High Court to decide if police can enter your home and steal from you

Everyone knows stealing is wrong. It’s one of the few moral principles observed across cultures and history. It’s so deeply ingrained that our children often know not to steal by the time they enter kindergarten.

So, you’d think police would know too. But according to the 9th U.S. Circuit Court of Appeals, you’d be wrong. Applying a judge-made doctrine called “qualified immunity,” the court held that California police who stand accused of stealing $225,000 cannot be sued because they never were told specifically that stealing money from people’s homes violates the Constitution.

Such an opinion is outrageous. The nonprofit Institute for Justice recently filed a brief urging the U.S. Supreme Court to weigh in and do away with qualified immunity. The high court will decide whether to take the case on May 15.

The theft case is Jessop v. City of Fresno. It involves two business partners, Micah Jessop and Brittan Ashjian, who operated and serviced ATMs. Suspecting that the men were operating an illegal gambling business, Fresno police searched their homes and other property.

The officers did not discover any criminal activity, and neither man was charged with a crime. But after the police left, Micah and Brittan discovered criminal activity by the officers. They had taken more than $200,000 in rare coins and cash, including currency kept on hand to restock ATMs.

Micah and Brittan filed a lawsuit, arguing that police had violated the Fourth Amendment by stealing their money. But the trial court held that police were immune from liability. The Ninth Circuit agreed, holding that even if stealing money from a person’s home violates the Constitution—an issue the court declined to decide—qualified immunity shields the officers from accountability.

Created by the U.S. Supreme Court in 1982, qualified immunity was a drastic departure from the historical standards of government accountability. Starting at the founding of the United States, courts held government officials strictly liable for their unlawful acts.

Courts simply decided whether the actions of government officials were illegal and, if they were, courts awarded damages to their victims. It was up to the other branches of government to decide whether wayward officials should be reimbursed for those damages or left to face the consequences.

That all changed with the invention of qualified immunity. Now, government officials are shielded from accountability unless courts already have declared their precise actions unconstitutional in an earlier case. The Supreme Court promised the new rule would “provide no license to lawless conduct.”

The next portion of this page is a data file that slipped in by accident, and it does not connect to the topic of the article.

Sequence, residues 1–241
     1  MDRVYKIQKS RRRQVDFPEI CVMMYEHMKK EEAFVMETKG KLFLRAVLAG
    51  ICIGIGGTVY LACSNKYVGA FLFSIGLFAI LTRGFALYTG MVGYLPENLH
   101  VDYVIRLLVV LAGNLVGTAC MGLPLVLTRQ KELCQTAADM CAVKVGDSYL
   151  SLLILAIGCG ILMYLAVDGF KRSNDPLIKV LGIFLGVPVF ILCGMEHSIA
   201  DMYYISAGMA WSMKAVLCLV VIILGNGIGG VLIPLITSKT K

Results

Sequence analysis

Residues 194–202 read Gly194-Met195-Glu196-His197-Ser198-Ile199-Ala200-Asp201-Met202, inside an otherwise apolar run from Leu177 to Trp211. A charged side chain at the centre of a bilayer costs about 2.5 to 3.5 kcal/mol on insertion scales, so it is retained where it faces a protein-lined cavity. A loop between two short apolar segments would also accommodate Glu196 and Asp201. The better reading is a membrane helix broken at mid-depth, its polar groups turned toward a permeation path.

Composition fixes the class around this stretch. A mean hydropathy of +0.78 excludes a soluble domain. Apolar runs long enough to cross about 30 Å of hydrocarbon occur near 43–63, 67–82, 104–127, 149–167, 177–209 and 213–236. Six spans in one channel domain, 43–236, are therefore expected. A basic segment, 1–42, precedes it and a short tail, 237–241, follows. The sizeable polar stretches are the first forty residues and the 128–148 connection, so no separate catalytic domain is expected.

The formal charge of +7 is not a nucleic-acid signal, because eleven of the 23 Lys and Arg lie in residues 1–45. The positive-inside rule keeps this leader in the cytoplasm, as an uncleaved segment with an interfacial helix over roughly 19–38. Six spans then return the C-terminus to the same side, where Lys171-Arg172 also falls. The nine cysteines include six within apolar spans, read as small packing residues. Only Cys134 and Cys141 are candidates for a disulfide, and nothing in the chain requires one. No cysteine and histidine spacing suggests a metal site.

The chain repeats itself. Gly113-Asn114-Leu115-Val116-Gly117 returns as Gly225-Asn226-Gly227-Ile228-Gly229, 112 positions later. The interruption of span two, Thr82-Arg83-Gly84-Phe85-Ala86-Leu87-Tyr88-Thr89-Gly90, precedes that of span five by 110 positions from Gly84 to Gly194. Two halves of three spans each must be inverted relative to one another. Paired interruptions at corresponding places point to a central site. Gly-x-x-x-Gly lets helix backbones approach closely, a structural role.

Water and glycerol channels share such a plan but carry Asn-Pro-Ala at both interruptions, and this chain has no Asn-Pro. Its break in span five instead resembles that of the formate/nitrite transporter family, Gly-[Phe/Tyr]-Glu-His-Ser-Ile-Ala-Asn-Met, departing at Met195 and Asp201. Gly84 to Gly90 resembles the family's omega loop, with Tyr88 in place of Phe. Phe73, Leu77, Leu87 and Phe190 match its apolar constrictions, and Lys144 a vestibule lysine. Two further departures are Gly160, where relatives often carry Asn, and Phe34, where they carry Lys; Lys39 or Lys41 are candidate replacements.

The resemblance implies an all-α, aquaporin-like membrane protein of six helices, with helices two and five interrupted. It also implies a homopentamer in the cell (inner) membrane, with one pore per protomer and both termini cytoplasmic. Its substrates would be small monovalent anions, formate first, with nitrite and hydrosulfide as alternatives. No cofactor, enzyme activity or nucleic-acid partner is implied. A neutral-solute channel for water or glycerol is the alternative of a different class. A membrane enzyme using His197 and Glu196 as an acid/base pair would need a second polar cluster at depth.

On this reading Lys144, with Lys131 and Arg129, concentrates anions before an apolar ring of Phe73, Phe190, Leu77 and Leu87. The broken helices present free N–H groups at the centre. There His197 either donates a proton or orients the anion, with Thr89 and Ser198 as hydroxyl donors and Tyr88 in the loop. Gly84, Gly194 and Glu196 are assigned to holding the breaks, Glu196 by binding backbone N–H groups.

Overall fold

The intention was to provide government officials fair warning, so they would not face liability for things no one could know violate the Constitution.  But over the years, the doctrine has evolved to require victims of constitutional violations to provide an identical case if they want to hold officials accountable.

For example, the Sixth Circuit recently granted immunity to police officers who sicced their dog on a suspect who was sitting on the ground with his hands up. The court said the officers were immune, because the courts’ earlier dog-bite case involved a suspect who surrendered by lying on the ground with his hands to the sides. By the court’s logic, police could not be expected to realize that these two circumstances are equally illegal.

Qualified immunity now protects even those government officials who intentionally break the law. Among many other examples in 2019 alone, courts around the country permitted police to blow up an innocent woman’s house, shoot a 10-year-old child while trying to kill a nonthreatening family dog, and dump a mentally infirm man along the highway at dusk, where he was hit and killed by a car.

After 38 years of abuse, the Supreme Court could revisit the issue with the Jessop case or one of the other 12 up for consideration. If any of these cases had entered the judicial system in 1980, 1880 or even 1780, the government officials involved would have faced accountability. Thanks to qualified immunity, they remain untouchable.

In other words, the doctrine became what the Supreme Court promised it would not: a license for officials to break the law. It’s time to end the immunity. Courts should uphold the Constitution, not create ways for government officials to get around it.

Patrick Jaicomo and Anya Bidwell are attorneys at the Institute for Justice. Bidwell is also the Elfie Gallun Fellow in Liberty and the Constitution.

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